Then again the same steps are to be done as with the cord: Let the wick soak in hot wax or in oil until it has completely soaked with the respective liquid. After the usual procedure, ie the drying and removal of the knot, the wick is ready and ready for use.
Here you can find out how to make candles yourself: making candles yourself and candles made of beeswax.

Extra tip: wick from nature

The different variants with the cotton yarn are the typical solutions. However, we would also like to introduce a nice alternative to nature lovers: in fact, you can simply "pick up" a more or less complete wick outside.

For this purpose, take a walk to the nearest lake and look for the so-called Flatter-Bulge. The plant grows everywhere, where it is moist. Thus, you have a good chance on a river to meet a suitable plant.

The trick is to harvest some stalks of the Flatter-Bulge. The mark from it can be wonderfully used as a wick. Use a pair of nails to peel the stalk from the stalk - until only the pith remains. It reminds a bit of foam optically and haptically.

Tip: The Mark of the flutter bulge is extremely absorbent. Therefore, it is ideal as a wick for candles or for oil lamps.

Oil lamp - instructions

At the end of the guidebook, we would like to provide you with a concrete idea for the production of an oil lamp. Try it - it's worth it!

Materials:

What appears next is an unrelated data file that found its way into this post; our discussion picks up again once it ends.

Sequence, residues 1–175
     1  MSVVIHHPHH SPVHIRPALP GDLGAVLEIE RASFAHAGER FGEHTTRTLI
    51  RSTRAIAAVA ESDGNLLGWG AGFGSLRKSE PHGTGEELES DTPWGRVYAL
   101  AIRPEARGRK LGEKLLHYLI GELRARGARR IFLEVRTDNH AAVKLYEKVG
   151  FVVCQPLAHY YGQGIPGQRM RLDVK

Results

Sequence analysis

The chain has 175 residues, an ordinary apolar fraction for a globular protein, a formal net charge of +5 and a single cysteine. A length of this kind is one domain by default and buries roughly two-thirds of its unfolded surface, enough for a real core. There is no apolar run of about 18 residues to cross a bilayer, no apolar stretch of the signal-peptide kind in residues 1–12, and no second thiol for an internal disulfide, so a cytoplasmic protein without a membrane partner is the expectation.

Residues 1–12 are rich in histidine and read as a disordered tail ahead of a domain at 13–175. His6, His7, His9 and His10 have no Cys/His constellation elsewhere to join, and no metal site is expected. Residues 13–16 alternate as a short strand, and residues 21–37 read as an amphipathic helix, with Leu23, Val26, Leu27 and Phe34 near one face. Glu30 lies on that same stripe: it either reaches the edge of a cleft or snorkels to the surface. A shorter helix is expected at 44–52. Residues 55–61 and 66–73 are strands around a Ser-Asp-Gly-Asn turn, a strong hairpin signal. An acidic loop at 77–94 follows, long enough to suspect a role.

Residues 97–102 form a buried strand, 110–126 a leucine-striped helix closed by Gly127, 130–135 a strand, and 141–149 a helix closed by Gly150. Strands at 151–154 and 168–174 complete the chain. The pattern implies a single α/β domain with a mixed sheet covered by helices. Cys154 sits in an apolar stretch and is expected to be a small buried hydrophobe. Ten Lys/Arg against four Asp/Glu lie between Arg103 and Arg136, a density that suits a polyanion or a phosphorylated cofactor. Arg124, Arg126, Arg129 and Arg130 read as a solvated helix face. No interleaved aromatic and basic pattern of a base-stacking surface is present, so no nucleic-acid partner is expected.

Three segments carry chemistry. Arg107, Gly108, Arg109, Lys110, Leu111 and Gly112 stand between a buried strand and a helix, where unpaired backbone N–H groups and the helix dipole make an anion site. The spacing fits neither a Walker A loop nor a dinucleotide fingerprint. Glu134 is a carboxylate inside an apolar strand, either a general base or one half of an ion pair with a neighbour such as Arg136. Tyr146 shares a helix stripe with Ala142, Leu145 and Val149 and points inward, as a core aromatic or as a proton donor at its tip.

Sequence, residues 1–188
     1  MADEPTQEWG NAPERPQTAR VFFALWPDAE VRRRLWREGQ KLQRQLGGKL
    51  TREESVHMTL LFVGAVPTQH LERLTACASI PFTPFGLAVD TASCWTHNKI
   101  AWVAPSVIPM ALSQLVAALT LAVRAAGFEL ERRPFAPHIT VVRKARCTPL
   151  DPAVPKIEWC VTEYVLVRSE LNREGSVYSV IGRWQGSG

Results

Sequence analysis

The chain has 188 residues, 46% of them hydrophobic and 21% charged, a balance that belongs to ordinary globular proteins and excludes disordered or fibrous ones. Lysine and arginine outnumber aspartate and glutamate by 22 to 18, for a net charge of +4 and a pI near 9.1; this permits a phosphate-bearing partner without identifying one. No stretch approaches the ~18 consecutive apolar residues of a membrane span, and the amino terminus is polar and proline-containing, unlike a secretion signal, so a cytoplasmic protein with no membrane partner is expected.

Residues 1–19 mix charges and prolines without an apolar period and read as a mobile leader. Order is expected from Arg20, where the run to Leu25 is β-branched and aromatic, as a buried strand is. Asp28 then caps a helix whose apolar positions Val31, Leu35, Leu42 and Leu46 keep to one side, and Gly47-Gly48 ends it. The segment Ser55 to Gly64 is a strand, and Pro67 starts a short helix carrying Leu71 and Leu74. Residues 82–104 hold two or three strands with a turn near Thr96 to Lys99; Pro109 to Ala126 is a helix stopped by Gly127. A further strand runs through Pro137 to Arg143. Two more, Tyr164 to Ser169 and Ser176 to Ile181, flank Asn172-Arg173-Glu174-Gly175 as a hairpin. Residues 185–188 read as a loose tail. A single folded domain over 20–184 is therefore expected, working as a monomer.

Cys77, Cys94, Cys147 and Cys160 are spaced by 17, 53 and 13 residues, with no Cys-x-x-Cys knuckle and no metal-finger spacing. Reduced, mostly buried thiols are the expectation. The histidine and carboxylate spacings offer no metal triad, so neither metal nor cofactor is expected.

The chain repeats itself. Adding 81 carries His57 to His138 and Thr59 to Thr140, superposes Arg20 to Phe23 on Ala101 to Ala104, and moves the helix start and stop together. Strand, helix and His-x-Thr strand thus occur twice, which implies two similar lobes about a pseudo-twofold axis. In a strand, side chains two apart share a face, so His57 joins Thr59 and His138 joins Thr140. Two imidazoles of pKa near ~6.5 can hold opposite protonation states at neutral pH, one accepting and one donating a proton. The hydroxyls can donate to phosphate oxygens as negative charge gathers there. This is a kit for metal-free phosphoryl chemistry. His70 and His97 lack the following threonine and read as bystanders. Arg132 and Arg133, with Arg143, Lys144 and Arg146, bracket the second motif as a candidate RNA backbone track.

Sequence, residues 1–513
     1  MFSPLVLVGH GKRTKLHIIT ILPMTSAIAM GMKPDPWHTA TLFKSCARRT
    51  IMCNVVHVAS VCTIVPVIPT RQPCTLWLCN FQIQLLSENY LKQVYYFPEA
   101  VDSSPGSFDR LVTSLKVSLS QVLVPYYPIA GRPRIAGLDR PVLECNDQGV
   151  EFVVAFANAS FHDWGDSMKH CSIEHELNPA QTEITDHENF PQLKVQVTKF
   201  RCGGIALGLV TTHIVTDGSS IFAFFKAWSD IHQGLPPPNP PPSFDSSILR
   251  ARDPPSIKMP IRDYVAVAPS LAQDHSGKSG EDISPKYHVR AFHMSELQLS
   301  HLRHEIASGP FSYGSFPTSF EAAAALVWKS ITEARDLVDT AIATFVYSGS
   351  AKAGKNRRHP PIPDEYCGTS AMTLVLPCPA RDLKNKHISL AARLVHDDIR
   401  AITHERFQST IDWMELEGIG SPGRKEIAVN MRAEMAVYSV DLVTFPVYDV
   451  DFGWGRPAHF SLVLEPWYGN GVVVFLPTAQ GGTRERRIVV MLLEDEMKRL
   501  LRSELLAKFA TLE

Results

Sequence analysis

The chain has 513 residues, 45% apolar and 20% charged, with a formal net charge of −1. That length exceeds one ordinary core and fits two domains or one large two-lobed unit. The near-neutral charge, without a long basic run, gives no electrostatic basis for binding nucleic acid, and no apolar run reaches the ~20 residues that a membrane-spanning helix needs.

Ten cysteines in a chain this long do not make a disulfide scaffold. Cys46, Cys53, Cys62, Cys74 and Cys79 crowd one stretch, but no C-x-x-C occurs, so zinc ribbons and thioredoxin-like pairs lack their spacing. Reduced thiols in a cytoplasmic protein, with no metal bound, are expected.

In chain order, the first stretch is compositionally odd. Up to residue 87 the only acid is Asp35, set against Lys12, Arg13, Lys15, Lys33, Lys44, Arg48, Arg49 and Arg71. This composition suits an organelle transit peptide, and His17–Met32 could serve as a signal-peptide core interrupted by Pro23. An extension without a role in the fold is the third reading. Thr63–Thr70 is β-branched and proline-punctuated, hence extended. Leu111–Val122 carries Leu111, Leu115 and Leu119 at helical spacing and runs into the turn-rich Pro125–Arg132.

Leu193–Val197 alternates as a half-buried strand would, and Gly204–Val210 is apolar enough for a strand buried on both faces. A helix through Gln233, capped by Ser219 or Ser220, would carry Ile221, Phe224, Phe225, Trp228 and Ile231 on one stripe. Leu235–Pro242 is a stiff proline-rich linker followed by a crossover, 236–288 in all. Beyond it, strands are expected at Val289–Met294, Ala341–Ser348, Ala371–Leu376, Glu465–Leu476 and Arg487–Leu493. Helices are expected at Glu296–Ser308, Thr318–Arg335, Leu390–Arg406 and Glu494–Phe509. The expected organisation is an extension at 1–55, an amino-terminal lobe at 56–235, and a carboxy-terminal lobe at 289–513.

• small screw jar with wide opening
  • candlewick
  • Corks (from a wine bottle or craft cork from the craft shop)
  • Bastelmesser
  • scissors
  • needle
  • olive oil

That's how it's done:

Step 1: Use the craft knife to cut off a small, flat piece of the cork. To do this, lay the cork lengthwise in front of you and make the cut at about one centimeter.

Tip: The cork piece should later ensure that the candle wick floats on the oil. It is important that it fits easily into the glass, but it does not turn out to be too tiny to be able to really carry the weight of the wick and not sink. That would not be in the sense of the inventor. After the first (wrong) attempts, you have the turn but quickly out.

Step 2: Make a hole in the middle of the cork with an arbitrary needle - on the flat side (not the rounded one).

Important: The hole must be big enough to fit through the candle wick. It must not be too big. The test will be done in the next step.

Step 3: Insert the wick through the hole using the needle. The former should not be farther than about 2.5 inches above the latter. Then hold up the cork on the yarn. If the cork slips down, the hole is too big and you should prepare a new cork element.

Step 4: Now cut the candle wick so that it fits into the glass. To estimate the length correctly, hold the cork with the wick on the container so that it is at about two-thirds of the glass height. The wick should reach from there to the glass bottom. So put the right cut.

Step 5: Fill the glass two-thirds with olive oil.

Tip: Olive oil is an excellent choice because it contains no harmful chemicals and burns clean. You do not have to be afraid of unpleasant odors.

Step 6: Place the cork with the candle wick centered on the oil.

Wait another 10 to 15 minutes. So the candle wick has enough time to soak up the oil (in this case, you do not have to soak the wick before, ie during production, in oil!). Then you can light and enjoy your self-created oil lamp!

Of course, there is the possibility, the glass before the whole act something aufhübschen - about using napkin technology: napkin technology